The long awaited changes to the Environmental Impact Assessment Regulations come into force today. Rapleys reviews the key revisions proposed and what they mean for the development industry.
Following the EU Council’s decision in 2014 to amend the 26 year old Environmental Impact Assessment (EIA) Directive, the Government undertook a consultation between December 2016 and February 2017 seeking views on the proposed changes to the Regulations.
The main purpose behind the changes is to improve the consistency and quality of the process and resultant Environmental Statements across the EU. Whilst the general process as we know it will not change, it will be more front loaded, potentially reducing the need for full EIA.
The key changes can be summarised as follows:
1. A new definition of the EIA process which could feed into project programmes for planning applications.
2. An enhancement of the screening process, which is now mandatory, with an emphasis on aspects of the environment to be significantly affected by development and the inclusion of mitigation measures at the screening stage. In reality, this has the potential to become a mini EIA, extending this particular obligation rather than streamlining it; however, it might also now improve the quality of the screening process which thus far, has been somewhat inconsistent within the UK planning system.
3. An opportunity for Local Planning Authorities to extend the 21 day mandatory deadline for Screening Opinions to 90 days, or an alternative period to be agreed in writing between both parties.
4. Inclusion of new or enhanced topic areas within Scoping Opinions including the replacement of flora/fauna with ‘biodiversity’, climate change, land, cultural heritage and consideration of major accidents and/or disasters (where necessary). Health impact assessments are also likely to be included within Scoping Opinions under ‘population and human health’.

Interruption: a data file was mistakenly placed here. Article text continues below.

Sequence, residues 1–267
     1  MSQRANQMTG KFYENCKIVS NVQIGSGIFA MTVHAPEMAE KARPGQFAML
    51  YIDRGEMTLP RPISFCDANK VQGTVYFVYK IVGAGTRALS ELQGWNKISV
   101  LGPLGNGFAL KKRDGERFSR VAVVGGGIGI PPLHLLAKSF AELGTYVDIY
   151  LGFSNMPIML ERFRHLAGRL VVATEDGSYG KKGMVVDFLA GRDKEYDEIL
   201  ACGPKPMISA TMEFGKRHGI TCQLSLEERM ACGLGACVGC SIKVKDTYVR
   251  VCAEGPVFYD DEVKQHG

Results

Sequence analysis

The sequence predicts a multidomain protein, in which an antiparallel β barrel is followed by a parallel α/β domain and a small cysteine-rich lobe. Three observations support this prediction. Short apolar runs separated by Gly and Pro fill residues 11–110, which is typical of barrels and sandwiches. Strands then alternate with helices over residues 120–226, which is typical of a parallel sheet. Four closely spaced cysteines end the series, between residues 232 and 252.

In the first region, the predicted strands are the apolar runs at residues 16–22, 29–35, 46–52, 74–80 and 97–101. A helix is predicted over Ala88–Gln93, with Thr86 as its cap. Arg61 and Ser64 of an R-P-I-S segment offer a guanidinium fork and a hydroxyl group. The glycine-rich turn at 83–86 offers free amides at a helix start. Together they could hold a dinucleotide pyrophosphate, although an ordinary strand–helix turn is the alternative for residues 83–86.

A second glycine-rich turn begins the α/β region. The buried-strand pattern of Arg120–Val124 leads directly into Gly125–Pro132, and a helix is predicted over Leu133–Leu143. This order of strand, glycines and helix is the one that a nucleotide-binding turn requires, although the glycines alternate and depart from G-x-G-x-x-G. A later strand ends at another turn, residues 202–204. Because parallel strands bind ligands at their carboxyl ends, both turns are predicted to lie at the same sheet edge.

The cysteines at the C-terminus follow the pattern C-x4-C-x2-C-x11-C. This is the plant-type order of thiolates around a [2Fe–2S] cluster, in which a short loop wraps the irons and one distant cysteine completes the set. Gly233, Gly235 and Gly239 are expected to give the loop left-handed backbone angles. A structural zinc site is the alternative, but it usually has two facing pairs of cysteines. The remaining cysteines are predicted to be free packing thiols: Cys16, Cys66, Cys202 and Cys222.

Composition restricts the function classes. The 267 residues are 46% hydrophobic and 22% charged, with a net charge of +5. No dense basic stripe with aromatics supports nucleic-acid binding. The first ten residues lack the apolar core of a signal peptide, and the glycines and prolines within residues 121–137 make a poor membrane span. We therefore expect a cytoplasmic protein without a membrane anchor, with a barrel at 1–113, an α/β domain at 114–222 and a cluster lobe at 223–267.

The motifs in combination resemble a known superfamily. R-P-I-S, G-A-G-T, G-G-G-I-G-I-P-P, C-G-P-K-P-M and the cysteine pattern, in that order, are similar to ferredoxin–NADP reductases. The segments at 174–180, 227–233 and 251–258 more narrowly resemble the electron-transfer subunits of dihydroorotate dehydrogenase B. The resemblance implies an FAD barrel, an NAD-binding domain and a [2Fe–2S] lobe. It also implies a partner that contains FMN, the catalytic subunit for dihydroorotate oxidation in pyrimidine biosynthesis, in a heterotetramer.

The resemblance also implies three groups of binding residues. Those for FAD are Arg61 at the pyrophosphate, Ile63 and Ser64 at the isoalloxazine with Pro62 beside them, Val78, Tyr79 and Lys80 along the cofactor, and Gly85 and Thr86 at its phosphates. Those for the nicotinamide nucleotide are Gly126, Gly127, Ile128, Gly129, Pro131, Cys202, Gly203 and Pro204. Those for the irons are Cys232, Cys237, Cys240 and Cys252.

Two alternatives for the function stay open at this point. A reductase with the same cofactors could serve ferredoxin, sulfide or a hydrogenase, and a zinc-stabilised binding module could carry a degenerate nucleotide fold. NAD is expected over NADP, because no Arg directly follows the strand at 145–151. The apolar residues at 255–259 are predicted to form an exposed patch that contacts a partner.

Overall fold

5. The EIA must adhere to the received Scoping Opinion, where Scoping is undertaken. If the final EIA does not follow the Scoping Opinion it would not be compliant with the Directive. This could lead to applicants revising Scoping Opinions to ensure they take account of subsequent changes, plus an increased risk of legal challenge where Scoping Opinions are not revised to reflect the EIA proposal.
6. The introduction of monitoring measures for significant adverse effects – this may ultimately prove useful in determining the efficiency of the EIA process, however, this could also lead to more detailed conditions on decision notices and obligations within s106 Agreements. This could, in turn, add more risk and burden to developers with a need to ensure conditions comply with the tests in national policy and that monitoring is proportionate to the development proposed.
7. The use of competent experts to prepare the EIA submission for the developer and to examine it for the Local Planning Authority – although there is no actual definition or explanation as to what constitutes an ‘expert’. Responsibility will be placed on the developer to employ competent experts and justify this in documentation alongside the Environmental Statement, whilst the consenting authority must ensure that sufficient expertise is available to review the documentation.
For any help with EIA process, from inception to delivery, please contact Sarah Smith, email@example.com.